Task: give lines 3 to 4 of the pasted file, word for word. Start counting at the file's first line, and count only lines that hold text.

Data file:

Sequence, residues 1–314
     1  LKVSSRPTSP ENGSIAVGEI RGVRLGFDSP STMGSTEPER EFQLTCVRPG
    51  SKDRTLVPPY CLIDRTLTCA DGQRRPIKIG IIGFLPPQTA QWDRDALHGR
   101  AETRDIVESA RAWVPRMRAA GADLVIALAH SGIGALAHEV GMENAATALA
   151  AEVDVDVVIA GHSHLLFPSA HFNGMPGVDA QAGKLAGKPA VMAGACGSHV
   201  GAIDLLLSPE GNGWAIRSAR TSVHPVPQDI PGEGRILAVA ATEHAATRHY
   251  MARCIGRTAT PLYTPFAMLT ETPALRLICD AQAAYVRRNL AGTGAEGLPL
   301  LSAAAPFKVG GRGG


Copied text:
    51  SKDRTLVPPY CLIDRTLTCA DGQRRPIKIG IIGFLPPQTA QWDRDALHGR
   101  AETRDIVESA RAWVPRMRAA GADLVIALAH SGIGALAHEV GMENAATALA